Patsy's youngest son Dorrie was killed in August 1999, weeks before he was due to start a sports and leisure course at college. The 20-year-old was not directly involved in gangs, and had never been in trouble with the police.
Soon after his death, Patsy co-founded Mothers Against Violence for women whose relatives or friends had been victims, or were at risk of gang violence. Now in its 20th year, MAV provides mentoring support, educational awareness of gun and knife crime, counselling and support for young people to find work or start businesses.
The impact of the group has been tangible. In the year Dorrie died, there were 270 shots fired, 43 gun-related injuries and seven gun murders in Manchester. Figures published last year revealed that in the North West of England 28 gunshot victims were taken to hospital over the past year – half the number of a decade ago.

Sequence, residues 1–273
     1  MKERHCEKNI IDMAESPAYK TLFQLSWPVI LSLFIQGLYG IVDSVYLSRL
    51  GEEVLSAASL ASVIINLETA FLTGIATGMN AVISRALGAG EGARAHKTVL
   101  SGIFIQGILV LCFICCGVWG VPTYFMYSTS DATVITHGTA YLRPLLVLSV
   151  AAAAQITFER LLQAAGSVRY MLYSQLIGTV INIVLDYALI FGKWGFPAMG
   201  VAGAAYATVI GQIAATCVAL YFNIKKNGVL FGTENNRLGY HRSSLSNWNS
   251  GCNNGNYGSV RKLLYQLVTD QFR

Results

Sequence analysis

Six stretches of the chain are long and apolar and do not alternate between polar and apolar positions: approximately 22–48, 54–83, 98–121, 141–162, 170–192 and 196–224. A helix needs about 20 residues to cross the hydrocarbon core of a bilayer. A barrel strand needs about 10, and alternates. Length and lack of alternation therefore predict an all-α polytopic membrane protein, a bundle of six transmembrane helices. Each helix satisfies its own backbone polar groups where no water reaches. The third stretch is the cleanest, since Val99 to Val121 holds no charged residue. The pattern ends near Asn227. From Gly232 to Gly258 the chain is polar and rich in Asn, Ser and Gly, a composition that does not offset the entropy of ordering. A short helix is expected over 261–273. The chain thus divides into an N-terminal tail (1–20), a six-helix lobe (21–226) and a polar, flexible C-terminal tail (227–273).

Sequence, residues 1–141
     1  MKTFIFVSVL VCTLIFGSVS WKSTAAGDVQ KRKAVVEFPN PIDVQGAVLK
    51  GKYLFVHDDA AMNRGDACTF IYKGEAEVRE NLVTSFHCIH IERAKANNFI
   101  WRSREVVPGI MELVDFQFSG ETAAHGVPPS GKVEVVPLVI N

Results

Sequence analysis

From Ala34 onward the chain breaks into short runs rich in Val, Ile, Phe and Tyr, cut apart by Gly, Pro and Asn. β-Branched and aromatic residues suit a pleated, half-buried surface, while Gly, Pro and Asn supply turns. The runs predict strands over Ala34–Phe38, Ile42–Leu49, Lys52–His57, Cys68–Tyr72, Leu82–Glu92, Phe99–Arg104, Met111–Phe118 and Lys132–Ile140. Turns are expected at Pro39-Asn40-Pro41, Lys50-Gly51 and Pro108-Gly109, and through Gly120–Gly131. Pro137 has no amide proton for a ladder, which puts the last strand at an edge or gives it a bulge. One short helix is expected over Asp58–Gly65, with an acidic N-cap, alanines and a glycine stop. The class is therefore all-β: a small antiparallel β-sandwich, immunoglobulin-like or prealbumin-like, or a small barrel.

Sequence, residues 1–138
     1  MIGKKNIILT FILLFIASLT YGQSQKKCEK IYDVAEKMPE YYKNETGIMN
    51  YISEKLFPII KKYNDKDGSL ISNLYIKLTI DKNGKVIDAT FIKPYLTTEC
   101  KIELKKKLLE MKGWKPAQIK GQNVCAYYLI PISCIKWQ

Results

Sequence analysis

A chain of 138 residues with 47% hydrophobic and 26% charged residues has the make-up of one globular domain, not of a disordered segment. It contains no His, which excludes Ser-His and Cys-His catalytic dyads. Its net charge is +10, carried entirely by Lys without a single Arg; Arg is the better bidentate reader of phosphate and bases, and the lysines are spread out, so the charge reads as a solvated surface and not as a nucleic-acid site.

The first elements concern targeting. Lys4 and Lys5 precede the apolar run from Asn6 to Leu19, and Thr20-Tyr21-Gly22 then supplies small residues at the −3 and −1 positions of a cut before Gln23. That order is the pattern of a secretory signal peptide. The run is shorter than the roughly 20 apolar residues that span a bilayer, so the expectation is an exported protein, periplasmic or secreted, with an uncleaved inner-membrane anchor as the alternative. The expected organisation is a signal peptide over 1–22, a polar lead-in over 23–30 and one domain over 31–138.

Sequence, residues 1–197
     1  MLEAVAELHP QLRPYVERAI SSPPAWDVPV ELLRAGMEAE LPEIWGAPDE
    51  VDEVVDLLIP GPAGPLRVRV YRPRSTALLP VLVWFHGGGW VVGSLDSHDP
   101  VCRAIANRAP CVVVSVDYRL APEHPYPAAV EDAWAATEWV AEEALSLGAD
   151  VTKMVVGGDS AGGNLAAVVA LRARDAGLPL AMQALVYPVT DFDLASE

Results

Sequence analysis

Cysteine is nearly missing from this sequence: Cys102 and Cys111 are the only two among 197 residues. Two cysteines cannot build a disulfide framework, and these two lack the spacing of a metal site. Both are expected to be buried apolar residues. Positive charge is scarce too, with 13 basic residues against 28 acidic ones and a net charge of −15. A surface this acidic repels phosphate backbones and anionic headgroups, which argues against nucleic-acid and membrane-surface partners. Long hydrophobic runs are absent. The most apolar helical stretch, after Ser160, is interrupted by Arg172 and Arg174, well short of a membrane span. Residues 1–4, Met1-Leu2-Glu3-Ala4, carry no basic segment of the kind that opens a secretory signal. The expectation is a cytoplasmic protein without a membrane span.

Dorrie’s brother Ian said: “Mothers came together to bring change, removed the fear of challenging gangs and rallied the community to tackle the issue. They went into schools and young offenders institutions to share their experiences, encouraging young people to really think differently.
“They gave confidence to other mothers who knew their children were involved in gangs to do something. They didn’t feel they could go to the police if they found a gun in their home, but they did feel they could go to this group of mothers to ask for help and support."